3) Volcanic Gases
episode of high fountaining from Pu'u 'O'o released a tremendous
of volcanic gas into the atmosphere.
Volcanic gases are emitted during all types of eruptions. Gases
also can be released during
repose periods by inactive vents and fumaroles, vents that may never
have produced any lava.
The gas plume rising from an active vent on Kilauea consists of
about 80% water vapor with lesser amounts of sulfur dioxide, carbon
dioxide, and hydrogen. Small quantities (typically less
than 1% by volume) of carbon monoxide, hydrogen sulfide, and hydrogen
fluoride are also present. ***extreme***ly small amounts of mercury
and other metals have been detected in gases emitted from vents
along the east rift zone of Kilauea, but none have been found in
concentrations large enough to create a direct health hazard.
Any hazard posed by volcanic gases is greatest immediately downwind
from active vents; the concentration of the gases quickly diminishes
as the gases mix with air and are carried by winds away from the
source. Brief exposure to gases near vents generally does not harm
people, but it can endanger those with heart and respiratory ailments,
such as chronic asthma.
A common gas produced during Hawai'ian eruptions that is potentially
harmful to human health
is sulfur dioxide. Even small concentrations of sulfur dioxide can
combine with water to form sulfuric acid, which can attack skin,
cloth, metal, and other materials. When a volcanic plume mixes with
atmospheric moisture, acid rain results. Acid rain can significantly
retard the growth
of cultivated or natural plant life downwind of a vent that degasses
over a long period of time.
The sulfur dioxide emitted from Kilauea's summit during typical
non-eruptive periods affects a relatively small area downwind of
the summit. Similarly, the gases produced during short-lived eruptions
affect only a limited area, although their odor may be detected
many miles from the
vent. The continuous emission of volcanic fumes during Kilauea's
Pu'u 'O'o-Kupaianaha eruption, however, resulted in persistent volcanic
haze and acid rain conditions in the South Kona
district on the leeward side of the island.
This digital shaded-relief map shows the usual wind conditions
on the island of Hawai`i.
Moderate to strong trade winds carry gases and vog from Kilauea
Volcano around the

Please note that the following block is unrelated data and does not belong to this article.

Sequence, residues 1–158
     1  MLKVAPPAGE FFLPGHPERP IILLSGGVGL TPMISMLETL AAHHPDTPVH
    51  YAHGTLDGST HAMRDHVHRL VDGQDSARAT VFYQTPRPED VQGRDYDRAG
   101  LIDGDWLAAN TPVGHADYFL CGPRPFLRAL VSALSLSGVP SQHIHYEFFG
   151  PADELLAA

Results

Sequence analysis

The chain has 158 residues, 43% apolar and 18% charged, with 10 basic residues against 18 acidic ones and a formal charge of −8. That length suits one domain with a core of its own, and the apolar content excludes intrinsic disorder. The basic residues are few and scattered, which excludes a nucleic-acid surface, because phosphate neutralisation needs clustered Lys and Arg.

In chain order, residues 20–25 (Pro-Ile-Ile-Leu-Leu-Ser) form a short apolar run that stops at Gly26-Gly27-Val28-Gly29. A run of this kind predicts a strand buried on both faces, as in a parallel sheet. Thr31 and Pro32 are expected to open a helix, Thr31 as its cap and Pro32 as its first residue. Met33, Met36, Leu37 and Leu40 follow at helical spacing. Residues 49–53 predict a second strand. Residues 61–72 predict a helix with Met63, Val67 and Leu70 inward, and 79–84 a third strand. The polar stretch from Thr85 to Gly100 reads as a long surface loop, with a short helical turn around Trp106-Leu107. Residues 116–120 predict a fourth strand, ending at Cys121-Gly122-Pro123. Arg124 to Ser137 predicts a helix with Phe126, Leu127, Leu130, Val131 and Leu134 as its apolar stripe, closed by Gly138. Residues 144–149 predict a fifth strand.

southern tip of the island where the gas tends to accumulate on
the leeward or "kona" coast. During these usual conditions,
volcanic fog ('vog') often becomes trapped by
daytime (onshore) and night-time (offshore) breezes (double-headed
arrows). During the day, onshore sea breezes carry vog up the slopes
of Hualalai and Mauna Loa volcanoes, and into the topographic saddle
between Mauna Loa and Mauna Kea. When the
landmass cools in the evening, cooler, denser air and vog flow back
down to the coast. However, when the trade winds are light or absent
or when winds blow from the south, much of the vog stays on the
eastern side ofthe island where it sometimes moves into
the city of Hilo.
illustrates the SO2 emission rates from Kilauea, 1992 - 1998.
In late 1987, studies conducted on private water-catchment systems
in the South Kona area revealed higher than average acidity in several
water samples. Drinking the acidic water does not pose a health
hazard, but such water can leach lead from the lead roof flashings,
lead-headed nails, and solder connections found in many plumbing
systems, resulting in unsafe levels of lead in the drinking water.
Extensive testing in 1988 determined that many water-catchment systems
on the island, particularly those in the districts adjacent to or
downwind of the active vent, contained elevated levels of lead.
Volcanic fumes can also damage agricultural crops. During the 1969
- 74 eruption of Kilauea's Mauna Ulu vent, the South Kona district
experienced prolonged periods of eruption-related
smog. A study conducted in 1972 by the University of Hawaii's Agricultural
at Hilo concluded that the acid rain resulting from the fume was
responsible for severe damage to tomato crops. The Pu'u 'O'o-Kupaianaha
eruption of Kilauea caused similar problems for vegetable and flower
growers in both the Kona and Puna districts, who reported light-to-moderate
crop damage during periods when winds blew the gases over their
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